Teaching as leadership critique part VIII

I’ve just finished chapter 6, the final principle ‘Work Relentlessly.’ While I like most of the content of this chapter, I’ve got a few minor ‘improvements.’ TFA is still in the middle of a slow evolution of its philosophy of teacher training and teacher effectiveness. Sometimes it seems that they’re not quite sure if they should tell the new teachers to be superheroes or not. Certainly the first two chapters suggest new teacher should be superheroes. Then the next 3 just give advice on how to be a solid ‘mortal’ teacher. This chapter continues, for the most part, the suggestions of how to be more effective without being a martyr.

They title the chapter ‘Work Relentlessly’ and then throughout the 26 page chapter warn that ‘Relentlessly’ should not be interpreted too literally. They know that some very ineffective teachers have worked ‘relentlessly,’ (by the dictionary definition) so they define the word several different ways to clarify what they mean.

I think that it’s actually a poor word choice for what they’re trying to convey. An editor would tell them not to be ‘married’ to the word which they seem to like so much. Really a more accurate word would be ‘Strategically.’ I know ‘Work Strategically’ doesn’t sound as awe-inspiring, but at least it wouldn’t be open to so much misinterpretation. (Also, they’d have to rename that book about TFA from a few years ago, ‘Relentless Pursuit’)

One oversimplified piece of advice I didn’t like was in the middle of 203 on how to maintain high expectations when students have been performing poorly

Move faster, not more slowly. Some teachers respond to a classroom of students who are behind by setting a slower learning pace for them. Percisely the opposite approach is needed. Your students will be behind, but they will have the capacity and potential for great growth. The principles of leadership outlined in this book allow teachers of students who are far behind to set and maintain an accelerated pace of learning in their classroom.

This could be the most dangerous piece of mis-advice in the entire book. Going back to the whole ‘there is no such thing as having expectations that are too high’ thing from chapter 1 and 2, they don’t even acknowledge the possibility that a class might not be succeeding because the teacher is going too fast. But that is the main mistake that new teachers make. I’m often guilty of that mistake after almost 20 years of teaching.

A very good section begins on page 212 under the heading ‘Acting with Utmost Respect and Humility to Choose Your Causes Wisely.’ In the past, there have been some CMs who, knowing that they only have two years, start trying to ‘fix’ everything that’s wrong in their school the first year. This book accurately advises that you have to first prove yourself with excellent academic results before you gain the credibility for anyone to really listen to you.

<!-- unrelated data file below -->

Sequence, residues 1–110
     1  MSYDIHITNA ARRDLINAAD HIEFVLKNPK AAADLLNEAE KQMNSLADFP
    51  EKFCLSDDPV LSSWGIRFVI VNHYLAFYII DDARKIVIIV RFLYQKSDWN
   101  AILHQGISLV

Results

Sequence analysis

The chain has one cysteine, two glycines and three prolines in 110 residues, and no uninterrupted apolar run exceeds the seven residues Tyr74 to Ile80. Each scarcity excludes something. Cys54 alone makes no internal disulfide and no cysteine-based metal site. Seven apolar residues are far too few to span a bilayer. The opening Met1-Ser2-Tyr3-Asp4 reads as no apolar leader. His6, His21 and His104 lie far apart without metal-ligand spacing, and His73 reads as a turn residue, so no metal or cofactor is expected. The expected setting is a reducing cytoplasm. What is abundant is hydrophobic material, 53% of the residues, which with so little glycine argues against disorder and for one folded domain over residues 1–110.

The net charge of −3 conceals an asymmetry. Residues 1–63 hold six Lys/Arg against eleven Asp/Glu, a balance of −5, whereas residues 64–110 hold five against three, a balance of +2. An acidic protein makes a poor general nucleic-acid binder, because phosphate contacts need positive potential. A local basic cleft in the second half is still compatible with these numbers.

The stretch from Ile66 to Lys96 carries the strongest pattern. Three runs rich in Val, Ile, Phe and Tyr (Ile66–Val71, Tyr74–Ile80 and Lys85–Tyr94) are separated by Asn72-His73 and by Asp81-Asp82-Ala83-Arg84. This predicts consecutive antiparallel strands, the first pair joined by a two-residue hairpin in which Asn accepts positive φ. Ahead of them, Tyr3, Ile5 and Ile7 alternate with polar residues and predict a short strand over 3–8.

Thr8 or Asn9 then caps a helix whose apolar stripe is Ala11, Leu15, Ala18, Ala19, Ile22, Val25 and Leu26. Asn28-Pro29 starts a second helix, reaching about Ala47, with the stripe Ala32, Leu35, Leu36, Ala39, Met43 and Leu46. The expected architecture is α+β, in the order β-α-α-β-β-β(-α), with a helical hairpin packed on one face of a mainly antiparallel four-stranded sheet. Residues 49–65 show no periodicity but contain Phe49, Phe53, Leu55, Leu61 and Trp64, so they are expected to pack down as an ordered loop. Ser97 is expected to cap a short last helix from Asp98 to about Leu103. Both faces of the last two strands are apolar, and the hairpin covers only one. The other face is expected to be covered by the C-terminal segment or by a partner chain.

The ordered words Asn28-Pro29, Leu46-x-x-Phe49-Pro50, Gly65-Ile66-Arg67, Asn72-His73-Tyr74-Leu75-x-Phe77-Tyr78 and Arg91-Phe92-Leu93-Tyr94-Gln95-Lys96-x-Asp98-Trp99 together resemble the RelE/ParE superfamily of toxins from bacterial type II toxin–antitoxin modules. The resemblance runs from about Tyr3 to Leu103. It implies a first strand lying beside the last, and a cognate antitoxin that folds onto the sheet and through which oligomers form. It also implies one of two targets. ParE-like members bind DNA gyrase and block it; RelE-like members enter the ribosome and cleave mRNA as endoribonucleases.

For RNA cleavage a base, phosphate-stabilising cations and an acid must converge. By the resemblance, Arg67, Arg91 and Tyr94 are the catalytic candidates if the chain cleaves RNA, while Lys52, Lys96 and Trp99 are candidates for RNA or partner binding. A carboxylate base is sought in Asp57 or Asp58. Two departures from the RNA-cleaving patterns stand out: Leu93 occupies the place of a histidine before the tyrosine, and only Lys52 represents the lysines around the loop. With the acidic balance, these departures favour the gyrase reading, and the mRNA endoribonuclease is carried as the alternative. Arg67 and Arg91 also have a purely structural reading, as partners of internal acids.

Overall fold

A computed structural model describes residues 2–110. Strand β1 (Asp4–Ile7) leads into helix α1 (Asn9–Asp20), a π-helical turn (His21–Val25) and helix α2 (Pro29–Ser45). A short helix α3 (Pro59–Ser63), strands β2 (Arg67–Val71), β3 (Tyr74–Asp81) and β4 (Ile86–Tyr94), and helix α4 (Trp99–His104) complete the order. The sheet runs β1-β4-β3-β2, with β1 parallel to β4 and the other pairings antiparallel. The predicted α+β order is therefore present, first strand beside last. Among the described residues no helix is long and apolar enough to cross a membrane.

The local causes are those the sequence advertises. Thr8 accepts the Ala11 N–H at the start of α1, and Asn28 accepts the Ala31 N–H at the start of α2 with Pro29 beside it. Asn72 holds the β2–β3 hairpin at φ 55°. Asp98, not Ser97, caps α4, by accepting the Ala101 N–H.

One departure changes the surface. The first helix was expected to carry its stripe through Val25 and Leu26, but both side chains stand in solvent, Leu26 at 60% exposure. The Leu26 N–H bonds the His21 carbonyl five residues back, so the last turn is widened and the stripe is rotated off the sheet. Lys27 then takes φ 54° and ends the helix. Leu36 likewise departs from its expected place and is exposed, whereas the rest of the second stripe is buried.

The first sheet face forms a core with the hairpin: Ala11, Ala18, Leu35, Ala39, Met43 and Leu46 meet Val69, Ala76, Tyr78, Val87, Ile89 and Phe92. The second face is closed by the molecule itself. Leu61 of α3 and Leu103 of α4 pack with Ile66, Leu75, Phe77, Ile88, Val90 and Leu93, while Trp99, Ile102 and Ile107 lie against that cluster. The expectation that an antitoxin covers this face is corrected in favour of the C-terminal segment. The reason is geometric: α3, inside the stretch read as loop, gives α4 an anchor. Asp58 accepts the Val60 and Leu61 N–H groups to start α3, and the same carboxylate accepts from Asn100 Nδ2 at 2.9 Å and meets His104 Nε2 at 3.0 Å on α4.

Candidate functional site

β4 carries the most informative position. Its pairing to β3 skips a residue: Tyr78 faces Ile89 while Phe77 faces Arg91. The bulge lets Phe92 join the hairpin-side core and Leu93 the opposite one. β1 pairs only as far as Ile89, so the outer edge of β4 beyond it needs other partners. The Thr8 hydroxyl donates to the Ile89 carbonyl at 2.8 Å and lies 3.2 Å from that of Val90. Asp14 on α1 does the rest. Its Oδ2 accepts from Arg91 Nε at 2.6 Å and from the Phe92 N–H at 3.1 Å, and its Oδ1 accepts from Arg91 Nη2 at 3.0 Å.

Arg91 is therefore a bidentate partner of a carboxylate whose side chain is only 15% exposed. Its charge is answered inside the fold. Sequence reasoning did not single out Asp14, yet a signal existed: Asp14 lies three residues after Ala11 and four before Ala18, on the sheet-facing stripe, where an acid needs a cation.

On page 219 to 221, they have some good quotes about how teachers make sure to enjoy some time for their own social lives and hobbies – how depriving yourself of that kind of time will, in the long run, be bad for your students who will have a burned out cranky teacher. Unfortunately this great sentiment is undermined by probably the craziest quote in the entire book on the top of page 218 in the section ‘Sustaining This Work Over Time’ we get this quote from a New Orleans first grade teacher:

I realized early on that if I wanted to be able to sustain the physically and emotionally draining lifestyle of a teacher, I was going to need to renew my energy and passion on a regular basis. I do this in a variety of ways, among them: running slideshows of ridiculously adorable pictures of my students on my computer screen during late-night planning sessions, self-enforcing a strict “no work on Friday nights” rule, volunteering for extra morning duty so that I can have non-school-related, relationship-building conversations with each of my students, indulging in my favorite TV dramas with my roommates, volunteering as the leader of a Girl Scout Daisies troop to which many of my students belong, playing on an indoor soccer team with other teachers, and enjoying the many incredible food and music festivals for which this city is well known.

I’ll admit that I had a ‘no work on Friday nights, Saturday days, and Saturday nights’ which I strictly self-enforced too. As far as the slideshow on her computer, well, that’s a bit creepy. I have a two year old daughter, and I really hope that none of her teachers go home and do that. This teacher is reinforcing the hero thing which goes in contrast to the message of this entire chapter (though it fits with the portrayal in chapters 1 and 2). Why TFA put this quote in, I’m not sure. It’s like they’re saying ‘You don’t have to be a hero – but it’s an option.’

Anyway, aside from those pretty small details, I was very satisfied with the general message of this chapter which was that you want to be efficient with your time, you want to know your place as a newcomer and to prove yourself before you start lobbying to have the school renamed in your honor. This is a message that some of my TFA peers from back in the day could have really benefited from.

I think there will be one or two more parts to this critique. I’ve got to look over the 60 pages of end material first. I invite any comments …

Continue To Part IX

This entry was posted in favorites, Teach For America, Teaching Advice, Teaching As Leadership Book Critique. Bookmark the permalink.

Leave a Reply

Fill in your details below or click an icon to log in:

WordPress.com Logo

You are commenting using your WordPress.com account. Log Out /  Change )

Twitter picture

You are commenting using your Twitter account. Log Out /  Change )

Facebook photo

You are commenting using your Facebook account. Log Out /  Change )

Connecting to %s